Saturday, November 13, 2010

Who was that girl?

My somewhat recent forays into downtown reminded me of the first summer I worked there, so many years ago. I've been telling my son about that experience. My stories amuse him—and honestly, they amuse me, too.

I was such a young, small-town girl that summer. Coming from a safe, protected little college where the tallest building was an 8-floor dorm, the 'Burgh was incredibly "city" to me. I temped my way through a few warm, blissful months, living with an older sister, finding my hesitant and clueless path one day at a time.

Riding the trolley was worrisome; would I get on the right one? Could I get on a wrong one? How safe was this thing? What if I ended up heading the opposite direction? Thankfully, the system was pretty fail-safe even for a greenhorn like me. I can recall the first time I saw the underground platforms, how amazed I was. Coming up from those stations, sounds of traffic mingling with piped-in classical music, I had never felt like such a sophisticate.

The first time I temped at the Steel Building, I emerged from the largest subway plaza, confused, turned around... I asked a fellow passing by where I might find my destination, and the kind man stifled a chuckle as he informed me I was standing directly in front of it.

Arriving at the right floor in those days was a whole new challenge. Security was loose pre-September 11, but getting oneself to the proper bank of elevators provided a whole new obstacle. If a person has never been in a building more than 10 stories high, then how is that person to know that there are different sets of elevators to serve different groupings of floors? I distinctly recall having to ask someone about that system, too; thankfully, Pittsburgh is full of humble workers who clearly recall their own bewilderment when first faced with similar situations.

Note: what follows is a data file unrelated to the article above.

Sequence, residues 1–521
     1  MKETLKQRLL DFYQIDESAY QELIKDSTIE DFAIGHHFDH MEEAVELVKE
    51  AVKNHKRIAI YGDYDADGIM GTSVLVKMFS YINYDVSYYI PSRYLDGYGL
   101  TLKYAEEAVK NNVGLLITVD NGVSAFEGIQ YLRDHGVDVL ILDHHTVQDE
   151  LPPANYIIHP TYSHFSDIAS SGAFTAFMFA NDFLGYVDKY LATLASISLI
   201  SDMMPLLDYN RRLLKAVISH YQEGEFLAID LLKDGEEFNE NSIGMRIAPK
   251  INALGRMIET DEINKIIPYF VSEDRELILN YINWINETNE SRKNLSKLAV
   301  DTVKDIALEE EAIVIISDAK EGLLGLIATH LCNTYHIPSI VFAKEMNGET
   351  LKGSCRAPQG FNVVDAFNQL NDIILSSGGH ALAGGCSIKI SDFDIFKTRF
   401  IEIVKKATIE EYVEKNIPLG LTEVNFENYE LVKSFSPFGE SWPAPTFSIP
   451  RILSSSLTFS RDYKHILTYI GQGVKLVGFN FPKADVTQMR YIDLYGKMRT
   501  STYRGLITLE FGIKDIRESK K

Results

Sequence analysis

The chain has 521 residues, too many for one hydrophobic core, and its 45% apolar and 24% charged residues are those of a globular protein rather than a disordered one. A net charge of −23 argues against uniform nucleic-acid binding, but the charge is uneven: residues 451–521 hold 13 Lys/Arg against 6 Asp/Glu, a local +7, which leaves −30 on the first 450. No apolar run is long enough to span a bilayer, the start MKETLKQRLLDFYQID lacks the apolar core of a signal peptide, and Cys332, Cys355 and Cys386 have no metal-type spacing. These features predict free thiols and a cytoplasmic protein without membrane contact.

Eating alone was awkward as well; I'd managed to avoid that scenario as much as possible in the college cafeteria. I knew no one downtown, and as a temp I didn't stay in any office long enough to meet anyone; yet, I was so desperate to break away from whatever desk I was occupying that I made myself head out to little shops or parks or courtyard benches at mid-day to take in some nourishment. I was shamelessly self-conscious then (silly me, still thinking that everyone was watching my show). I became more accustomed to the solitude as the summer passed, began to frequent the bagel and sandwich stores that offered free newspapers, learned to stow a paperback in my purse at all times, because God forbid I sit at that table and look at my food or other diners or out the window!

Somewhere along the way, in the past 20 years, I've become more comfortable with myself; I've been liberated by the knowledge that, all along, no one was noticing. I've also been denied free time for large chunks of my adult life—which has helped me to realize now what a blessing an unscheduled lunch block really is. I've learned my way around our little city, and have even managed to maneuver myself through some larger cities as well.

I'm not the girl I was. Most days, I wouldn't want to be. But that girl? She had bright eyes, and a smile on her lips, and she carried sincerity and frivolity side by side in her heart. I wish, sometimes, I could keep my liberated old self while still maintaining that girl's energy and expectation. Is that possible?


Anonymous said...

"I wish, sometimes, I could keep my liberated old self while still maintaining that girl's energy and expectation. Is that possible?"

Are you familiar with the expression, "Youth is wasted on the young."? When I was young (teens and twenties), I thought that the impetus for that expression was just old people being bitter about being old. But then in my thirties, I came to a whole new understanding of that expression. I've never been one of those people who wants to relive their "glory days" and be young again (high school? Ugh! No thanks.). But as a more mature person, I came to understand that there are great things about being young, but when you're young, you don't realize that they're great, and that it's very likely you will lose them as you age. Hence, "youth" -- the good parts -- "are wasted on the young." I love that expression now. ;-)

- Shell

chris h. said...

This makes me remember my own experiences as a late-teen and 20-something with summer jobs in Oakland -- riding 2 buses each way to get there every day (trying to avoid the crazies on the downtown-to-Oakland buses). Who was that fresh-faced little thing??? I remember being grateful when the whole tennis-shoes-with-suits craze started for women because you could actually get to work without killing your feet.

Mel said...

Boy. Youth IS wasted on the young. It's not bitterness that breeds the sentiment; it's the heart-wrenching understanding that you didn't even realize what you had. Ugh.

And Chris, would you ever dream of going to all that trouble now? I think about some of the stupidity I endured, mostly out of pride and stubbornness, and I just chuckle and shake my head. Wow. Chalk it all up to experience, eh?